CALLER [00:36:01] He broke my TV, just completely broke my TV and just trashed my room, and he had several cats at the time and my my rats, when he threw them across the room, got out of their cage, and thankfully they lived they weren’t hurt, but the cats could have totally eaten them and just mauled them to death. But he ended up going into a mental hospital for a couple of days and then they took him to jail for a little bit and then he got out. But nothing really came of it. We moved out immediately. Me and her, me and his his girlfriend, she obviously was not going to continue the relationship with him. And even though he had been one of my best friends for like 12 years, I had to cut off all ties with him after that. And his entire family cut me off like they were like my family. I knew all of his siblings. We all saw each other so often, you know, I knew his nieces and nephews, like I had been in his family and around his family since I was 14 years old. And I’m almost 28 now and they completely took his side because he tried to convince them that I told him to kill himself. He completely mistrewed the story so that he wouldn’t have to be the bad guy when I went out of my way to try to save him and help him in any way possible, I could. And then he pulls a gun on me and says that I tried to tell him to kill himself. I’ve just had so many trust issues after that, I can’t really trust anyone anymore.
CHRIS [00:38:00] I have two thoughts, if that’s OK.
CALLER [00:38:04] Yeah, go for it.
CHRIS [00:38:05] One is, you know, and I’m sure you’ve had similar thoughts too where you’re like. OK, like. Someone whose brother took their own life nine or 10 months earlier. He found the body, he’s working in a job where he still has to enter that apartment. You were there. You were the first person he saw who he knew after he found the body. There is a part of me that’s like, well, of course, at some point that pain is going to build up and he’s going to have to reject, and he probably associates you with it. And if anybody you hear that story, you’re like, well, if anybody deserves a pass on flipping out and winding up in a mental hospital, it’s someone who’s been through that. That being said, he still don’t get to point a gun at you. And I’m sure that that’s, I’m sure that there must be a very odd mix of emotions that’s like I get it. I get that you’re losing, that you have every right to lose it. But also you can’t you can’t cock a gun and try to kill me, like, obviously. And then the second second thing I would say is this is you know. This is a really hard story for you to share, a really hard story to hear, but I don’t know that I’ve ever heard a more realistic look at how a suicide can just kind of tear apart the fabric of a community, you know,.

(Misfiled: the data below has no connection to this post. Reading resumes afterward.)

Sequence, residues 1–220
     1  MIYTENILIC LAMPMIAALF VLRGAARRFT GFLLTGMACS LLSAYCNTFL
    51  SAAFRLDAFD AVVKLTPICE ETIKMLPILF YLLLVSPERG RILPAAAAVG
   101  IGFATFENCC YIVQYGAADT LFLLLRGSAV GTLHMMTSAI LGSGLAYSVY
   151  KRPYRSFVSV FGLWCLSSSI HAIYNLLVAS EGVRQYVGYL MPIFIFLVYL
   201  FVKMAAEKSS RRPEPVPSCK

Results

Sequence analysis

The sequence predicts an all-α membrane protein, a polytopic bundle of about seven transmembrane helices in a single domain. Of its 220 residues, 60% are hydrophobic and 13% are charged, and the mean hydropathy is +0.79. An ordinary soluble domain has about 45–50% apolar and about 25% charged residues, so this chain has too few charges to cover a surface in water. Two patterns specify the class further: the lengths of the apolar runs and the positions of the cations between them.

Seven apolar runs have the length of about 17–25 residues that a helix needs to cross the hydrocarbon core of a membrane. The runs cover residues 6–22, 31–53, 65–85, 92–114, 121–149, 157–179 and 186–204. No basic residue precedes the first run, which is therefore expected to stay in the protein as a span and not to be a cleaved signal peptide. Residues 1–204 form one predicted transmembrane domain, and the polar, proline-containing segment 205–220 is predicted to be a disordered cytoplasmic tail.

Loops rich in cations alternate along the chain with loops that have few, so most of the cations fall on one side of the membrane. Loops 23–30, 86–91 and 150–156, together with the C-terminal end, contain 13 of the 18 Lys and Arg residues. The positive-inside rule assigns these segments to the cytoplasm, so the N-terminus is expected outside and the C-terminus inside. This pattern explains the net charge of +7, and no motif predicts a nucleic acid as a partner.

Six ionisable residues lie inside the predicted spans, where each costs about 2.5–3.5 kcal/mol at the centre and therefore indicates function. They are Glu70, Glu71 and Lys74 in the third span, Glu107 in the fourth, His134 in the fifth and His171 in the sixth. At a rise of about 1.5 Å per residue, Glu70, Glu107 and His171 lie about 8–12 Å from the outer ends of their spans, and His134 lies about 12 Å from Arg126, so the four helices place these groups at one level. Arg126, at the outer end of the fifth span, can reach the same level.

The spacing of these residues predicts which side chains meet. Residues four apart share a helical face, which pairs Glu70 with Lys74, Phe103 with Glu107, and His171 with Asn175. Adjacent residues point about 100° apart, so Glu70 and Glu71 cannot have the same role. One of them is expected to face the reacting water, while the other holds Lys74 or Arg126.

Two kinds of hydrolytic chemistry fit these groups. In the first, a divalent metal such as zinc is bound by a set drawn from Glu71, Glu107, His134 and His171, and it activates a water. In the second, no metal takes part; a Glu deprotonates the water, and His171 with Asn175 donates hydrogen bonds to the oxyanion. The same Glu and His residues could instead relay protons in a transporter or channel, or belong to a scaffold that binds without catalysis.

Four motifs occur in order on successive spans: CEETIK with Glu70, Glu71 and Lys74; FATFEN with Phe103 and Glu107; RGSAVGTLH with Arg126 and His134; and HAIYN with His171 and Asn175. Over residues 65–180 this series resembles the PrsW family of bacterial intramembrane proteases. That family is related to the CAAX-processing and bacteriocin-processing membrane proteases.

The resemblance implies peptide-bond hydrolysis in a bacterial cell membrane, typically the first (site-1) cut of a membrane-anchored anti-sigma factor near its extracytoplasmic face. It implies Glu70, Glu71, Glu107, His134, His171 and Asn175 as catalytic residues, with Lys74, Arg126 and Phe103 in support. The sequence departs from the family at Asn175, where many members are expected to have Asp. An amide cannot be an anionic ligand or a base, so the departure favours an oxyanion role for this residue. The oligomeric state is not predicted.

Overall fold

CALLER [00:39:44] Exactly, I mean, that’s I’ve been wanting to tell you this story for two years Chris because it’s just it’s so impactful and it really tells you all sides of, you know, the pain that goes on after someone takes their life. You know, if someone doesn’t get help for that, you know, after seeing something like that, it can do some real damage. Not only talk to the person, but everyone around them.
CHRIS [00:40:12] And I know that one of the thoughts that tends to play on a loop, when you start seriously considering taking your own life is this feeling of like everybody else, everybody will be better off without me anyway. That’s I feel like this thing that just kind of echoes and rattles around in your brain constantly and I feel like your story is a very real and personal reminder, nobody is better off without you. Both on in the sense, both in the sense that they value you and your friendship and what you bring to the world and also the aftermath of something like this it’s just going to make.
CALLER [00:40:54] Yeah it affects affects everybody.
CHRIS [00:40:56] Yeah, rewires the DNA of your entire life.
CALLER [00:41:01] Yeah, I mean, there are still days I wake up and I’m like, what are we doing today, you know. What shennanigans are we getting into today? And it’s just like it’s it’s so weird that he’s not here because I’ve spent you know, almost every day for, you know, 10 years with him. You know, we’ve had some crazy life experiences together and the fact that he’s not here to experience anything else like that, again, the fact that I can’t even, you know relate that pain with any of his family members, you know, all of the friends that we had mutually all ditched me because of this. It’s like I’m the one that got hurt. I’m the one that got a gun in my face, but I was there to help him through everything. You know, there are still times to this day where I’m like, if he called me and needed me, I would still pick up the phone even after putting a gun in my face. Even after all the lies, I still care about his well-being. I still care about him a lot. But the fact that none of them care about me and it was so easy just to just let me go just creates even more trust issues for me.
CHRIS [00:42:31] I hear you.
CALLER [00:42:31] It was so easy to just make me the bad guy so they could feel better about themselves.